Tuesday, 24 November 2020

Ceisteanna (556, 580, 592)

Catherine Murphy


556. Deputy Catherine Murphy asked the Minister for Social Protection if the outstanding amount in arrears of the pandemic unemployment payment will issue to recipients of the payment; the number of persons who are waiting on arrears of the payment; the reason for the outstanding arrears; and the steps she is taking to have the payments made in a timely manner. [38058/20]

Amharc ar fhreagra

Paul McAuliffe


580. Deputy Paul McAuliffe asked the Minister for Social Protection the position regarding the payment of arrears to persons who are or were in receipt of the pandemic unemployment payment. [38559/20]

Amharc ar fhreagra

Gary Gannon


592. Deputy Gary Gannon asked the Minister for Social Protection if her Department will expedite the process of arrears payments for pandemic unemployment payment recipients, which is currently planned for the end of the year, to early to mid-December to help alleviate some of the stress and burden of the cost of Christmas. [38871/20]

Amharc ar fhreagra

Freagraí scríofa (Ceist ar Social)

I propose to take Questions Nos. 556, 580 and 592 together.

Since the introduction of the Pandemic Unemployment Payment scheme in March, approximately 815,000 people have applied for payment and in some cases, they have done so on a number of occasions as they moved in and out of employment or where their employer availed of the Revenue Temporary Wage Subsidy Scheme. Consequently, there are over 1.4 million applications to be examined to determine if arrears are due. To date, over 13 million individual payments have issued over a 36 week period.

Arrears in respect of the Pandemic Unemployment Payment will arise under two broad headings. Firstly, there may have been an initial time lag in the commencement of payments. During the month of March, my Department received and processed jobseeker claims equivalent in number to a three year claim-load. Almost 59,000 people were paid in the first week of the scheme, increasing to 283,000 people in the following week and over 507,000 people in the third week of the scheme. The focus was on putting claims into payment as quickly as possible was and it was not possible to generate arrears payments at the time. Secondly, arrears may also arise in respect of individual weeks where claims could not be processed due to incomplete applications or data mismatches.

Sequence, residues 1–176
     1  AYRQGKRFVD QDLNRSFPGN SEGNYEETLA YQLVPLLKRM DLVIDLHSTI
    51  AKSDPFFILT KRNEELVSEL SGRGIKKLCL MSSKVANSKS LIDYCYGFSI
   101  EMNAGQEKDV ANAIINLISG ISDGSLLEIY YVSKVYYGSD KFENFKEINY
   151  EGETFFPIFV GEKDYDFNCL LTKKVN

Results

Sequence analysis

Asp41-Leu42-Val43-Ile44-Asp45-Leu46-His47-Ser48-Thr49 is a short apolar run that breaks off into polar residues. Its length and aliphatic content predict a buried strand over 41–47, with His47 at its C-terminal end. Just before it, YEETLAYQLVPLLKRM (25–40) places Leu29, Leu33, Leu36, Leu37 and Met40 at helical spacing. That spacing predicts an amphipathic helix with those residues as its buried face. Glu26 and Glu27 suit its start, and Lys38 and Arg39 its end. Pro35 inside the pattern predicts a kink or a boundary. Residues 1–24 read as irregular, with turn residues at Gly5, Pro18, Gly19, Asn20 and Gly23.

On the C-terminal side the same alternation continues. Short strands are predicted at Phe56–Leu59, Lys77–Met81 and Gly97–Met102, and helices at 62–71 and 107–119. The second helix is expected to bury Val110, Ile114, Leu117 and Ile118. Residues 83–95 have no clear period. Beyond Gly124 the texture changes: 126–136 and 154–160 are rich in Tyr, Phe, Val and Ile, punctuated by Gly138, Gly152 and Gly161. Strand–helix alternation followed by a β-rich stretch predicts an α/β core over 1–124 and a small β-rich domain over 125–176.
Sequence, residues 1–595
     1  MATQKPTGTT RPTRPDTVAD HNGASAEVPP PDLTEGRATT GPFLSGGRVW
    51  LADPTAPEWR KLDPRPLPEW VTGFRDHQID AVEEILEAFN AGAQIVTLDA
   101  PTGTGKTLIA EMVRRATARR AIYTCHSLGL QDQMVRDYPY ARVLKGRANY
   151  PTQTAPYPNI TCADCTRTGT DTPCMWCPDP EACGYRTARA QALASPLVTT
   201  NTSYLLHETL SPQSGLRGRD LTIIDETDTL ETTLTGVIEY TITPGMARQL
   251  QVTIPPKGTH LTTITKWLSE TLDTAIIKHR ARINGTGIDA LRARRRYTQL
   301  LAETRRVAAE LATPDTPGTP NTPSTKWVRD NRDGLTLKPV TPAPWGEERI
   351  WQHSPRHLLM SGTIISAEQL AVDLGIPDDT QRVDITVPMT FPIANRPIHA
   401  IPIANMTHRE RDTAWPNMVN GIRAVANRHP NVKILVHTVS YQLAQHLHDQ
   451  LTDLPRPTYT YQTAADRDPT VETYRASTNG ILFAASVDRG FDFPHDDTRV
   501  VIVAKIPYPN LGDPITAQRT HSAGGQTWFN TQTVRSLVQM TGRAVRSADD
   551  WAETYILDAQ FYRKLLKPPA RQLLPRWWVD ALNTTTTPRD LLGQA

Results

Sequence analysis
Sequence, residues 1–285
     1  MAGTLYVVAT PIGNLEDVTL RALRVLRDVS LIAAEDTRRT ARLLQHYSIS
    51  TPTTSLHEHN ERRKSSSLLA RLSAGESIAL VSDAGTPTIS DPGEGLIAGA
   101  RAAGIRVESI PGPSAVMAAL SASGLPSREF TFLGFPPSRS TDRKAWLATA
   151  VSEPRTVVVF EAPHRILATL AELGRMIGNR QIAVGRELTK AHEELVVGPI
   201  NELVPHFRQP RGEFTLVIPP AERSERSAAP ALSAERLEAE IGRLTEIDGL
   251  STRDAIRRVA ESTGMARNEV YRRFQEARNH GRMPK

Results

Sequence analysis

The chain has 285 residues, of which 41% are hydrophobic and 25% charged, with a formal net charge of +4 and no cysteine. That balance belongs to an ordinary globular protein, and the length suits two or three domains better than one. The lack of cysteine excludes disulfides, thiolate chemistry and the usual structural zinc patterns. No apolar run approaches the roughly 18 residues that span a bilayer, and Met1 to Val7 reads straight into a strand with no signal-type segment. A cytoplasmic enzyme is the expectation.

My Department is keenly aware that many people are due some arrears and that every case will be different. In order to address an issue of this scale, my Department has developed an automated process, which will examine each case and look at their overall entitlement to payment and match this against their payment history. The work involved is complex as the Pandemic Unemployment Payment system itself evolved from a manual applications system to one where applications were submitted online and paid over two different payment platforms (one from March to July and the second from July to date). Final testing and implementation of the automated process is currently underway with a view to issuing payments before the end of the year and as soon as possible.

I hope that this clarifies matters for the Deputies.